How to Grow Honeynut Squash- Step by Step

There is always something so exciting and pleasing about planting your own vegetables. Especially when they are ones which you love to include in your cooking often! Honeynut squash is a great vegetable to plant. Even if you’re a beginner, you can learn how to grow honeynut squash successfully.

If you are following a healthy diet or you want to start a healthy diet, start including honeynut squash asap. It is extremely healthy and rich in nutrients. You will have no regrets about growing this incredible winter fruit. It is super delicious and can be used in so many things.

What is Honeynut squash

Honeynut squash is a winter vegetable. It is a mixed breed of buttercup squash and butternut squash. Its flavor is sweeter than any other squash with a hint of a nutty taste. It is very small in size compared to butternut squash.

Marcus Nielsen
Left to right: butternut squash, Honeynut squash, and “898” squash currently in development.

The result of growing honeynut squash was because of a collaboration between Michael Mazourek, an associate professor in Plant Breeding and Genetics at Cornell University, and Dan Barber, chef and co-owner of the iconic Blue Hill at Stone Barns in Pocantico Hills, New York. The story behind growing this new incredible and delicious squash was indeed very interesting.

This fruit can be used in cooking in various ways. It can be roasted, grilled, fried, baked, sauteed, or pureed. Additionally, it can be stored for 4 months after its harvest.

How to Grow Honeynut Squash

Honeynut squash is a very low maintenance plant, anyone can go through the whole process from the seeds to a yummy dish on the dinner table easily.

Honeynut Squash Dish


The steps of growing honeynut squash are different from the ones of other squashes such as zucchini.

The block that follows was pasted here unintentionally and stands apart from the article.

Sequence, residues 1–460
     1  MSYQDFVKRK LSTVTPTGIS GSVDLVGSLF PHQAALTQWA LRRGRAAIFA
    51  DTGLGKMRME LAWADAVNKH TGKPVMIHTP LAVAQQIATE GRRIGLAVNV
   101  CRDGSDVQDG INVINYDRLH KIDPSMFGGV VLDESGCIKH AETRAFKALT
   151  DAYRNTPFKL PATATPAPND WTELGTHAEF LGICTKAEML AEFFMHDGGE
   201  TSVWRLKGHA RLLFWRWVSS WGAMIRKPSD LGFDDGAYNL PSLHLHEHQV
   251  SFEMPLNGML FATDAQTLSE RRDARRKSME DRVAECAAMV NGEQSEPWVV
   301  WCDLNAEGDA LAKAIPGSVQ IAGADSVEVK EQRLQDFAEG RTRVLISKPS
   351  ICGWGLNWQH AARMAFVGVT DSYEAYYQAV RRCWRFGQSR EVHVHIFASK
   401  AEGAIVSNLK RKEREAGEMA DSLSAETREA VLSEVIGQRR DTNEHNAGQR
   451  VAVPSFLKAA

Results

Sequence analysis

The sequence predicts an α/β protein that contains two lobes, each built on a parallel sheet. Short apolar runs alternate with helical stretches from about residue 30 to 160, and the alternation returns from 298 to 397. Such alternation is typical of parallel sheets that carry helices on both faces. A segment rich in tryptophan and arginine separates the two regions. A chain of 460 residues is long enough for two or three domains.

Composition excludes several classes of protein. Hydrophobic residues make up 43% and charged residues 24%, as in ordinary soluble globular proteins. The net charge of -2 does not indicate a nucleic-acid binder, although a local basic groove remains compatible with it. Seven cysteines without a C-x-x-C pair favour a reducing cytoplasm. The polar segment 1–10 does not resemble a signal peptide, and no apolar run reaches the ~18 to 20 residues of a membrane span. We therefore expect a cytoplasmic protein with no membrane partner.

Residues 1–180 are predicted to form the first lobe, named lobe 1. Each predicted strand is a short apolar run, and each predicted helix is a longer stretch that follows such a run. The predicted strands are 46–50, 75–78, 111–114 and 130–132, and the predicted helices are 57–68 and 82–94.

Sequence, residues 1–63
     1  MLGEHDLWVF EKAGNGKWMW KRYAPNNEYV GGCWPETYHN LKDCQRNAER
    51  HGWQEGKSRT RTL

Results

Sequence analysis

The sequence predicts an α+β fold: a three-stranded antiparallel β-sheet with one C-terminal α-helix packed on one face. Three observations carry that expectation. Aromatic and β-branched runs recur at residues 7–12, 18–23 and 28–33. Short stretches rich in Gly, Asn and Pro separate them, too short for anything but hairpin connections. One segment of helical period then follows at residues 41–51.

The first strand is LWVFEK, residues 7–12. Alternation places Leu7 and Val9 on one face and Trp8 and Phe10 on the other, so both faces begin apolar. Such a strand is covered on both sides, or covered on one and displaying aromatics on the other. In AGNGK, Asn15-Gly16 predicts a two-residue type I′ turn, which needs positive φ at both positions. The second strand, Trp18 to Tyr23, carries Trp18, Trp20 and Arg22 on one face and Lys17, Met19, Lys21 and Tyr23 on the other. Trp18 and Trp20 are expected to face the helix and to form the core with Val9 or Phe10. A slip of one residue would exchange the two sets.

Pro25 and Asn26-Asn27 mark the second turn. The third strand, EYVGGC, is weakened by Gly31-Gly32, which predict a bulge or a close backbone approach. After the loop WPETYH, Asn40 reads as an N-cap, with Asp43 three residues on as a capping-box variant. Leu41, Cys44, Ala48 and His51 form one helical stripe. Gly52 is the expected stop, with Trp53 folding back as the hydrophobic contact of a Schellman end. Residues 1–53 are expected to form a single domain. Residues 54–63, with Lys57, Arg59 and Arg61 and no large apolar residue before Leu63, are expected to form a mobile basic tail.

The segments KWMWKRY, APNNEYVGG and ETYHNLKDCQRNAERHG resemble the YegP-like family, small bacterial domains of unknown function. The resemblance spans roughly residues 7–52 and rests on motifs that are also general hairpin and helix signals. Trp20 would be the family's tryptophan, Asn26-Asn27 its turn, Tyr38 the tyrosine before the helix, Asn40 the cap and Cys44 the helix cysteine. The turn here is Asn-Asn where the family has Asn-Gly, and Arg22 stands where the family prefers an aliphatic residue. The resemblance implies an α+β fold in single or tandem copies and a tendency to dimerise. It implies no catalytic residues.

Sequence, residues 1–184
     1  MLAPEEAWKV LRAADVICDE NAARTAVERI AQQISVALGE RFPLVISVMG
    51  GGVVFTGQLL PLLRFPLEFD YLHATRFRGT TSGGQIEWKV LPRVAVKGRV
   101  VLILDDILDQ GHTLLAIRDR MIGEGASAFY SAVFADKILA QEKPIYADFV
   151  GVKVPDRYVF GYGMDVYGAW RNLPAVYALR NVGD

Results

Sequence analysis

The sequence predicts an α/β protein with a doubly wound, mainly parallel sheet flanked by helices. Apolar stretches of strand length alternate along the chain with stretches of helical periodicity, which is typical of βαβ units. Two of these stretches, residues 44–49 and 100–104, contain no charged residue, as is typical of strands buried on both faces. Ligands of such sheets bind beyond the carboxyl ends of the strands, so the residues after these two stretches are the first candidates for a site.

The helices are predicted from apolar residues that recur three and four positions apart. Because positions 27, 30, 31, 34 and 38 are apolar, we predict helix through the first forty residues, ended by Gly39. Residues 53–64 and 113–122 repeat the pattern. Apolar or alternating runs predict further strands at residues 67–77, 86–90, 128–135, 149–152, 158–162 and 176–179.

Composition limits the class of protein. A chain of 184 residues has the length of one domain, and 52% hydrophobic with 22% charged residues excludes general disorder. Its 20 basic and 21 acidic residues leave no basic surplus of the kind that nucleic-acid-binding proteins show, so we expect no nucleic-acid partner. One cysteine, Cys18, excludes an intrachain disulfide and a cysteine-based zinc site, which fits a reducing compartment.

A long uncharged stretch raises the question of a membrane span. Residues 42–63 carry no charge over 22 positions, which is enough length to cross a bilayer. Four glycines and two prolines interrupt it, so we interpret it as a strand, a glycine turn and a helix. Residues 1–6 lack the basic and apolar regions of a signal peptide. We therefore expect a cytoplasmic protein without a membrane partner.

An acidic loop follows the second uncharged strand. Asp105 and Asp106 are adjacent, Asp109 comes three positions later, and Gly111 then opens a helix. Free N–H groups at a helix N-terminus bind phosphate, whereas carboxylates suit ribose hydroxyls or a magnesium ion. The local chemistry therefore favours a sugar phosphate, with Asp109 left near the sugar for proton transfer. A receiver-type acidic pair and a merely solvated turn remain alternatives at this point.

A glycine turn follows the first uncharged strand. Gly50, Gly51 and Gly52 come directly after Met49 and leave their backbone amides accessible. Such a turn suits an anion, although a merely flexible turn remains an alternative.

The Steps of Planting Honeynut Squash

1. When to Start Your Seeds

Honeynut squash is a winter fruit. You can either choose to start seedlings indoors or outdoors. Start indoors in early April by sowing two seeds per pot. Then, later on, transfer to outdoors once the frost season is over in late May.

You can sow the seeds directly outdoors in late May or the beginning of June when there is no frost to endanger the germination process.

2. Use Fresh Seeds

The quality of the seeds affects the quality of growth for all kinds of plants. Old seeds tend to not give the same results as fresh ones. Even if you use the same brand of seeds, old ones will not germinate as well and the majority of them will fail during the long process. The older the seeds get, the less likely they will sprout.

There is always the choice of extracting the seeds by yourself from the squash itself. The process will take a long time compared to other seeds. Honeynut squash seeds need to be used dried and viable.

Honeynut Squash Seeds

In some cases, for seeds to be viable, it would need around 2 to 3 years to be fully ready for germination.

The seeds need to be stored in a dark, dry, and cool environment. They can be stored for around 10 years and still be fertile. However, seeds are meant to be planted, why store them?

3. Germination

Like any other plant, honeynut squash seeds need to be germinated first. For that, you would need a fresh new compost (Preferably a seed compost.) Place the compost in small containers or seedling boxes, do not press the soil too much, press it gently.

Poke small holes into the soil, not too deep. Place the seeds and cover them lightly with soil and water them. At this stage, the seeds need to be moist and warm all the time, 80-90˚ F is ideal (26-32˚C.)

Cold weather or cool greenhouses will not allow germination to occur successfully. I would highly recommend you to use a seedling heat mat if you live in a cold environment.

4. Thin the Seedlings

The seedlings should sprout within 7-10 days if done correctly. In some other cases, depending on the seeds’ quality and the temperature, it might take even longer (3 to 4 weeks.)

Once the seedlings sprout, thin them to avoid crowding. Unlike some other plants and herbs, honeynut squash needs to be potted alone in large containers or pots before transferring them to the ground.

5. Transfering the Seeds Outdoors

Honeynut squash needs full sunlight and a lot of water. Not too much water though, we don’t want it to drown. Wait until warm climate to take your seedlings outside. The temperature needs to be at least 64˚F (18˚C)

Prepare the beddings for your tiny cute honeynut squash plants. You need to choose a suitable large planting site. The soil also needs to be filled with the necessary nutrients, preferably mixed with organic compost for the plant to grow.

Since honeynut squash is a small fruit unlike butternut squash, leave at least 35 inches (90cm) of space between each plant. Here, it depends on the shape of your site if you want to plant them in a straight line, in a circle, or even randomly.

If you decide to plant them in a row, the space between each row should be 72-120 inches (180-300cm)